If you are considering large breast implants, there are many potential downsides you should consider.

When it comes to choosing breast implants, there’s no one-size-fits-all answer. What some patients and surgeons might consider too large will seem perfectly normal to others. However, most plastic surgeons agree that there is such a thing as going too big.

Why do some women choose very large implants?

A woman may decide to get large breast implants if that’s what best fits her frame. While plastic surgeons often caution against going too big because it might result in a disproportionate look, for some women it’s quite the opposite.

“I work with a large number of fitness competitors in my practice,” says Englewood, Colorado plastic surgeon Greg Buford, MD. “Obviously, they’re more muscular and have a different body type than your average breast augmentation patient. Their shoulders tend to be broader, so they require more volume to achieve a proportionate look.”

Other women wish to stand out with a more attention grabbing appearance, even though others may think it looks fake.

“In my experience, patients who opt to get breast implants are looking to feel more sexy and confident,” says Dr. Kim Carpin, a board-certified plastic surgeon in Houston, Texas. “I may ask a patient if she would like others to notice her augmented breasts, and the answer is ‘yes’ with women seeking larger augmentations. These women aren’t looking for a natural look, but rather an augmented, rounder breast.”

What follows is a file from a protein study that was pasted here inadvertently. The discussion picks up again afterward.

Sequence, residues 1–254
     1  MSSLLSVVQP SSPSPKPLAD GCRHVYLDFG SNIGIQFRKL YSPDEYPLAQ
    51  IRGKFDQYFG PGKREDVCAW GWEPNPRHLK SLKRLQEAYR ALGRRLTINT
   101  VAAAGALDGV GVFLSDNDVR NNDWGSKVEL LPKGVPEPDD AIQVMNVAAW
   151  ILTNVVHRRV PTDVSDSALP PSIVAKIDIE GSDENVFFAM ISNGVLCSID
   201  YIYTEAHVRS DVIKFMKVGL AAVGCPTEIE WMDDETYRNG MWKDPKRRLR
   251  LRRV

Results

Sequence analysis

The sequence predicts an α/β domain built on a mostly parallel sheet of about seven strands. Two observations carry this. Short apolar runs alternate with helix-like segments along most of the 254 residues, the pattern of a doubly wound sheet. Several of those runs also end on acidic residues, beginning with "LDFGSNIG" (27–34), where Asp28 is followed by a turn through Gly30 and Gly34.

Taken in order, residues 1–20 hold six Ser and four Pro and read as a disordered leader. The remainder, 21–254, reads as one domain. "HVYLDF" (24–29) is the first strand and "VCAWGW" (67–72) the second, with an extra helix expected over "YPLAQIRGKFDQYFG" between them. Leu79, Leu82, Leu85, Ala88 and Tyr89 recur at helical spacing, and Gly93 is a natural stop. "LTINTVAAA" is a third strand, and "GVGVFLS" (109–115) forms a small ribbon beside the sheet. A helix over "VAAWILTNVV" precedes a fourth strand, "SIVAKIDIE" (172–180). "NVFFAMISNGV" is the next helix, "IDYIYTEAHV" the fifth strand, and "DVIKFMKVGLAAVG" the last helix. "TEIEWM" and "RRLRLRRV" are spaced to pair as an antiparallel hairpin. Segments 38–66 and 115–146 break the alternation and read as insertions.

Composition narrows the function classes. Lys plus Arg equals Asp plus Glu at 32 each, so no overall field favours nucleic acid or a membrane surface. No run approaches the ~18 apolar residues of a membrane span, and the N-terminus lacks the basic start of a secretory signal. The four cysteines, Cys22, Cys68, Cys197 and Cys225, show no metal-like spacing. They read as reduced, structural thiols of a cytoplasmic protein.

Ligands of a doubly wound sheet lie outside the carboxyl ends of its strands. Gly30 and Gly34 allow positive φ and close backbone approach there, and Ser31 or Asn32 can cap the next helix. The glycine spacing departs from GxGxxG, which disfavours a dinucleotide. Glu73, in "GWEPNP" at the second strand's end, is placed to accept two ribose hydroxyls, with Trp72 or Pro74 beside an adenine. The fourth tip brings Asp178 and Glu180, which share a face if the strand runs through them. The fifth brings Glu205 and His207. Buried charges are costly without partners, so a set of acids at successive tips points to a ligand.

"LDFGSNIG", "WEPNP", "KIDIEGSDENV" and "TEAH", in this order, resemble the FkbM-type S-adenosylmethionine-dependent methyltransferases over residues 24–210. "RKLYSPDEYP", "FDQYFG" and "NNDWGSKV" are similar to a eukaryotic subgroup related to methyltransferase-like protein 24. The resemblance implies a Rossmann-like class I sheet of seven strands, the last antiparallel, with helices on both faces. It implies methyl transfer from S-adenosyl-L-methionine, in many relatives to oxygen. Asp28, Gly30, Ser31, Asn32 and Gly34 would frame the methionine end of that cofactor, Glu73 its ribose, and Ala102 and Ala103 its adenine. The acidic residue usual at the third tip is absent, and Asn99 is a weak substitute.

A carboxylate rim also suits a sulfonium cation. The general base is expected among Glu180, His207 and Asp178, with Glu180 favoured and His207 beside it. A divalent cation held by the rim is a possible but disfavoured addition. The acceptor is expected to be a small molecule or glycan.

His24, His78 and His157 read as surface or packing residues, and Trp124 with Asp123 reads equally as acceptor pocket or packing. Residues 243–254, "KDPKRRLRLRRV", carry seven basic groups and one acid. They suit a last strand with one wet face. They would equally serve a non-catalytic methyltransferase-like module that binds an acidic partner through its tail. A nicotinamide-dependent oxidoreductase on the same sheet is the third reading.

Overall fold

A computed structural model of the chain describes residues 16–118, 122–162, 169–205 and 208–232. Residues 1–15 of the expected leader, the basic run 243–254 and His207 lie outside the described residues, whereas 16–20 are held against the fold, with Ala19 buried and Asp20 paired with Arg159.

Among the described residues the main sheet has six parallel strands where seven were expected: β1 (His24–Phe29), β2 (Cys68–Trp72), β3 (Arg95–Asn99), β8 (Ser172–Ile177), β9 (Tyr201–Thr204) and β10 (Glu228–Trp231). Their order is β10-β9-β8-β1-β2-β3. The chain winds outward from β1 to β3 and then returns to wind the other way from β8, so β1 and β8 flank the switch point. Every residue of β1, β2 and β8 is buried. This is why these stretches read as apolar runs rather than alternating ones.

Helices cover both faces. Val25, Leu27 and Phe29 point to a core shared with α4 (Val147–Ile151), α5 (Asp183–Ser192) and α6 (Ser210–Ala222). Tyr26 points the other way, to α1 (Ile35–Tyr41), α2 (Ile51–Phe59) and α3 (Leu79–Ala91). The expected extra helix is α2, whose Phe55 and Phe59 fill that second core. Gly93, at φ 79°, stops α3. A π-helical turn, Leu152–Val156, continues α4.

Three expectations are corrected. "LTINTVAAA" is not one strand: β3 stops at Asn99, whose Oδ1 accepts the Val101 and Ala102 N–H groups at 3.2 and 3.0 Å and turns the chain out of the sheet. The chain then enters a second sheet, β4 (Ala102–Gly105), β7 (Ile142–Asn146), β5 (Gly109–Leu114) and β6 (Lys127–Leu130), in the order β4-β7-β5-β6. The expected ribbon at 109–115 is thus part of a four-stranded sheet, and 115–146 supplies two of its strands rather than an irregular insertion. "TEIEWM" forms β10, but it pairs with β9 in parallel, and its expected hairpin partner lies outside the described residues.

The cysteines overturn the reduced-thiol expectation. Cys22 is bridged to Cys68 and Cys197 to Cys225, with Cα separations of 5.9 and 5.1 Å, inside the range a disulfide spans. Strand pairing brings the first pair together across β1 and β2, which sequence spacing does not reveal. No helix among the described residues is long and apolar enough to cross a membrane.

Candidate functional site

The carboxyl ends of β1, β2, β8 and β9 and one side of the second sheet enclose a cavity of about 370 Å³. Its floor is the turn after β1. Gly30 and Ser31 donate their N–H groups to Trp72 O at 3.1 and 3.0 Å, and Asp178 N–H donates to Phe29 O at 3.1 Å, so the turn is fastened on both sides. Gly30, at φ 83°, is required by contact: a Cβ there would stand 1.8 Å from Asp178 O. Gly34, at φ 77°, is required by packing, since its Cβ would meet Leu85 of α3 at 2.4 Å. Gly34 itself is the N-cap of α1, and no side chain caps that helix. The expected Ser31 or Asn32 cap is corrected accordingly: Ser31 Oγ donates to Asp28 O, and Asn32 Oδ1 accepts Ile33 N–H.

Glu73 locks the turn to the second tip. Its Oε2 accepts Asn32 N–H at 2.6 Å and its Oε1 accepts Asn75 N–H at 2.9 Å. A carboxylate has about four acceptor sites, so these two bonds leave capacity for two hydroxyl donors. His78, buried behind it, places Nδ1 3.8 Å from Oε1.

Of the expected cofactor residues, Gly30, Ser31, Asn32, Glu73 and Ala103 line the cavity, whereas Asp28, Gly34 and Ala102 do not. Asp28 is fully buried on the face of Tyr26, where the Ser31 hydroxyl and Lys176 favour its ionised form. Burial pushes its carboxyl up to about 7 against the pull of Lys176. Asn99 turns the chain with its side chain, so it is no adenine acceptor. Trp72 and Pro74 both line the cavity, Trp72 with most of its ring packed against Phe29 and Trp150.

Another scenario in which some women choose to get large implants is during post-mastectomy breast reconstruction. New Jersey plastic and reconstructive surgeon Dr. Thaddeus Boucree compares this to the silver lining of an otherwise dark cloud after cancer. “Women who are naturally large tend to want reconstruction with smaller implants, while women who are naturally small generally want to go bigger. Usually, we can give the patient the results that she wants,” he says.

But it doesn’t come without risks.

“The skin flaps can be too thin after a mastectomy,” Boucree explains. “Reconstruction with a large implant may not be possible, even in a two-stage procedure.” Risk and benefits should always be weighed, but Boucree says that if the skin envelope permits it he will perform post-mastectomy breast reconstruction with implants of up to 800 cc, which is currently the largest size silicone implant allowed in the U.S.